A year ago, the news of Flint’s lead-tainted water went nationwide. This month the backflow incident in Corpus Christi has done the same.
There’s nothing people take for granted more than clean water – until they don’t have it anymore.
Backflow prevention programs are considered by most municipalities to be a cost center – management of a program requires personnel and equipment to ensure that compliance is met.
However, like many preventative programs – the cost of prevention is much lower than the cost of an incident. Numbers from Corpus Christi haven’t come out yet because the event is still being addressed. But we’re already seeing the cost of bad press. The remediation and the greatly increased compliance requirements that will no doubt come out of the incident will be far greater than the cost of running a compliance program.
When an incident occurs a municipality tends to take its lumps, make its changes, and quickly forget about it. The status quo continues.
We need change in this industry. Your municipality could be the next Corpus Christi.
Even running a good paper-based program today allows errors to slip through the cracks. A simple mistake entering a test report received from a testing company could mean the difference between a failing device getting flagged (and followed-up on) or getting marked as passed and ignored. What about a test report filed in the wrong drawer for follow-up? Consider personnel that deal with backflow a few months out of the year, and a zillion other things the rest of the year. It’s easy to forget the process or make a mistake. All of these little errors could cause a big problem.
We’ll always have potential places for mistakes – but why do we, as the backflow industry, continue embracing what’s ‘worked’ for the last 45 years instead of innovating? All of these problems could be greatly improved with technology. Why is the industry so reluctant to embrace the strides forward other related industries have embraced and flourished from?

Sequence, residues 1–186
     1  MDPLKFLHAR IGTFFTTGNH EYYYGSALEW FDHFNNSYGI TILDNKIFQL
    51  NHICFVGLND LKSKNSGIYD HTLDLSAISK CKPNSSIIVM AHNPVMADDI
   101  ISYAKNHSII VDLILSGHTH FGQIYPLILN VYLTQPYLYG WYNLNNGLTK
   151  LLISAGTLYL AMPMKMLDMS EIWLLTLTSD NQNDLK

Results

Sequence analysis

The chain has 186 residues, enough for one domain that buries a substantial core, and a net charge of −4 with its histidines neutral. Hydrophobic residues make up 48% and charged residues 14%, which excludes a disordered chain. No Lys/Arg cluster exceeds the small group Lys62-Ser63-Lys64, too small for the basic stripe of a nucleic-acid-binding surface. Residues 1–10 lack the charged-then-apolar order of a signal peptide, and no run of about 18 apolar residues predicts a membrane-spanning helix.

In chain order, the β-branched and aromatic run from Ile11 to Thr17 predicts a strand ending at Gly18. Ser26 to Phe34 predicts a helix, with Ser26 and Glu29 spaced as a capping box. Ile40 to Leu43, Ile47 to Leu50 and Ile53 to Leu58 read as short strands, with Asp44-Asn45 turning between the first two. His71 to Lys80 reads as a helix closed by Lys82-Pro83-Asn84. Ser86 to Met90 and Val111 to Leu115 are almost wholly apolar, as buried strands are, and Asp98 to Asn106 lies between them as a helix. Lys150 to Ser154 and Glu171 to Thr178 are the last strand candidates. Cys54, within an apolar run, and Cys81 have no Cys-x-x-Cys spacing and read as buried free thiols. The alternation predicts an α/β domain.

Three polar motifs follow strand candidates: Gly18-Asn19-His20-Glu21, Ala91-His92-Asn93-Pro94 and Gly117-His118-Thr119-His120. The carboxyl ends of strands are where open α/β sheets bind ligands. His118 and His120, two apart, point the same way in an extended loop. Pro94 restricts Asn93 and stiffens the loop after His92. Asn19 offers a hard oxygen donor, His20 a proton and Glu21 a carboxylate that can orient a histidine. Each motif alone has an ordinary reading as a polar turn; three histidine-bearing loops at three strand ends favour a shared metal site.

It’s (almost) 2017
Why are most municipalities still requiring filling out paper test report forms, mailing them to someone, and then manually entering that information a second time?! Bulk human data entry is woefully error-prone. We have technology that’s made to do this at a far higher quality rate. So let’s try and use the lessons that Corpus Christie is learning and put them to good use across other water districts.
Why are we still using different forms everywhere? I’ve looked at more unique test report forms than I thought could even exist. They all share the same core components (they have to, they are testing the same devices with the same EPA requirements) but the difference in all of those forms breeds too many chances for mistakes. Even if municipalities still need additional information, the potential for mistakes decreases if we switch to a more unified form. It’s not acceptable anymore for compliance information to not be shared; the more universal the data collected is, the better we’ll know as an industry how well backflow prevention is working.
What will it take for us an industry to embrace technology? If the Corpus Christi incident is not enough, how big of a backflow event will it require? Managing your backflow program with tech now guarantees your municipality is unlikely to have any major backflow incident. Implementing an effective preventative maintenance program is, after all, much more affordable than clean-up.